An 8-year-old boy presents to the ED after falling at a local playground
July 30, 2019


Posted by Andy Jagoda in: Uncategorized , 2 comments

An 8-year-old boy presents to the ED after falling at a local playground. His mother, who was with him at the time of the injury, states that he was climbing out of a tree when he slipped and fell. He landed on his outstretched hands and is now complaining of right wrist pain. On examination, he has no open wounds, and he has a normal neurovascular examination, but he has an obvious deformity of his right forearm. The child describes his pain as 7/10. read more

How best to assess his anticoagulation status
July 29, 2019


Posted by Andy Jagoda, MD in: What's Your Diagnosis , add a comment

As you begin your shift, the first patient is a 70-year-old man brought in for a ground-level fall with isolated head injury. A review of the patient’s history reveals atrial fibrillation, and he is currently on anticoagulation with apixaban. A rapidly obtained CT scan of the head shows
a subdural hematoma. read more

Most Common Risk Stratification Criteria for Management of Febrile Young Infants
July 18, 2019


Posted by Andy Jagoda, MD in: Feature Update , add a comment

Due to an immature immune system and pathogens often specific to the age group, the young infant (generally aged < 60-90 days, depending on the specific study or review) is at high risk for serious bacterial infections (SBIs); in particular, urinary tract infection (UTI), bacteremia, and bacterial meningitis. Consequently, the febrile young infant with a rectal temperature ≥ 38°C (100.4°F) is commonly encountered in the emergency department (ED). The incidence of SBI in febrile infants aged < 90 days is 8% to 12.5%, and it is nearly 20% in neonates (aged ≤ 28 days). The incidence of potentially life-threatening bacteremia and/or bacterial meningitis (ie, invasive bacterial infection [IBI]) is approximately 2%. read more

Intravenous Thrombolysis in Acute Ischemic Stroke
July 17, 2019


Posted by Andy Jagoda, MD in: Feature Update , add a comment

Stroke is the fifth leading cause of death in the United States and an important cause of long-term disability. Approximately 795,000 people suffer from stroke each year (610,000 primary strokes and 185,000 recurrent strokes),1 with ischemic stroke representing the vast majority of all stroke types (87%). read more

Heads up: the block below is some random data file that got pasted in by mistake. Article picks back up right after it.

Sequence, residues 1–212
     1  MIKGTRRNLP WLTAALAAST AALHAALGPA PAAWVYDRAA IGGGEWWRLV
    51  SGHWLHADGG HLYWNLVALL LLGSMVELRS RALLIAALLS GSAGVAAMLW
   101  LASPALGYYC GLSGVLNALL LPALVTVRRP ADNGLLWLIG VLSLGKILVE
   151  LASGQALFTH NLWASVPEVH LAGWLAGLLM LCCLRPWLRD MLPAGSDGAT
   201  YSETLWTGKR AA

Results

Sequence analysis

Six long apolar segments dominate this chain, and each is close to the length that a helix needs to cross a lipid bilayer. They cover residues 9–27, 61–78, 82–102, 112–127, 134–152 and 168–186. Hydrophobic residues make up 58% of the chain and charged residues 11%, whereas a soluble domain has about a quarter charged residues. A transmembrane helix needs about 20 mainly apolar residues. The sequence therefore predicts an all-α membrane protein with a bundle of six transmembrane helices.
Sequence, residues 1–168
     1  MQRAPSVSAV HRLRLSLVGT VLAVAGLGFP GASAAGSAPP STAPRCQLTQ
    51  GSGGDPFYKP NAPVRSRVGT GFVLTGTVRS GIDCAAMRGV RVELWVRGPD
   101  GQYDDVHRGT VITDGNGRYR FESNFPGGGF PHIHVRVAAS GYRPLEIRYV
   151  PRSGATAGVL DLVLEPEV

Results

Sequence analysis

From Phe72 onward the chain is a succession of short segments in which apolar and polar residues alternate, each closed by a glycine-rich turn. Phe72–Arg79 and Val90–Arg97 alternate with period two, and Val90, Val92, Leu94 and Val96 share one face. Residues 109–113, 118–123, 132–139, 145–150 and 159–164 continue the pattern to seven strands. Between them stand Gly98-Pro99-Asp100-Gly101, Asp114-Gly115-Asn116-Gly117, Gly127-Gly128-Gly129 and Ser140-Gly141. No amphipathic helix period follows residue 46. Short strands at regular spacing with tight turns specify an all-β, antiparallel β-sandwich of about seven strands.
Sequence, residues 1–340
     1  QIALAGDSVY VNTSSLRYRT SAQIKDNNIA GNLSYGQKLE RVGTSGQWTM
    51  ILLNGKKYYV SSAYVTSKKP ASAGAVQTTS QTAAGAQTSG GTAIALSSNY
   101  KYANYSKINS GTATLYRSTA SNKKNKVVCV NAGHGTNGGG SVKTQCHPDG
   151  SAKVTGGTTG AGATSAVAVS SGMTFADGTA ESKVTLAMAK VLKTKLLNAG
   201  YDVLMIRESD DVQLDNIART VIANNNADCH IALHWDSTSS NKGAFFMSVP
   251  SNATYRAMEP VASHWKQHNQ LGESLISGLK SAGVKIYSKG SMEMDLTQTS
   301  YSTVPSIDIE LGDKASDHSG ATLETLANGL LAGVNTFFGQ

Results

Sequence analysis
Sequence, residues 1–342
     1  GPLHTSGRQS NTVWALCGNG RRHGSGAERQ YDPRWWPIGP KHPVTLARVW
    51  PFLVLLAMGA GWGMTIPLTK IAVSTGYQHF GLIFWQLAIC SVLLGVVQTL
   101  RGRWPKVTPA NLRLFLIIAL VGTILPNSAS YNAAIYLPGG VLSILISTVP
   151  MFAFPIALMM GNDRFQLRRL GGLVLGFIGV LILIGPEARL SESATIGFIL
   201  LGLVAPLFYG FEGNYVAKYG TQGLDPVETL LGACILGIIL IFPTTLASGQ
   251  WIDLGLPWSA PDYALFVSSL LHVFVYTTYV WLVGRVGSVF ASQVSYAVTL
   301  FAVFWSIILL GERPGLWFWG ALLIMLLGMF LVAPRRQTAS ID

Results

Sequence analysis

Brain Teaser: What is the appropriate management of this infant?
July 17, 2019


Posted by Andy Jagoda, MD in: Brain Tease , 1 comment so far

Test your knowledge and see how much you know about management and treatment of young infants presenting with fever.

read more

Test Your Knowledge on Assessing Abdominal Pain
July 17, 2019


Posted by Andy Jagoda, MD in: Brain Tease , 1 comment so far

Patients with abdominal pain are common in the ED, but you need a strategy for quickly identifying patients who are at high risk for life-threatening causes of pain. read more

Febrile Young Infants In the ED — How do you Manage them?
July 11, 2019


Posted by Robin Wilkinson in: Uncategorized , 4 comments

Case Recap:
A 40-day-old girl presents to the ED in January for evaluation of a rectal temperature of 38˚C (100.4˚F). The history and physical examination are similar to an infant you saw in August, except that she has nasal discharge and a cough. Which risk stratification algorithm should you use for this infant? Would your workup change if a respiratory swab was positive for respiratory syncytial virus? read more

How Do You Manage Bariatric Surgery Complications?
July 11, 2019


Posted by Robin Wilkinson in: What's Your Diagnosis , 2 comments

Case Recap:
You are called to the bedside of patient who presents for nausea and vomiting. He is a 38-year-old man who is 2 weeks out from the placement of a laparoscopic adjustable gastric band. He reports that he had an acute onset of nausea and vomiting this evening. He is actively vomiting on presentation and complains of diffuse abdominal pain, but is hemodynamically stable. While attempting to contact his surgeon, you wonder what the best imaging modality is to make the diagnosis. What would you do? read more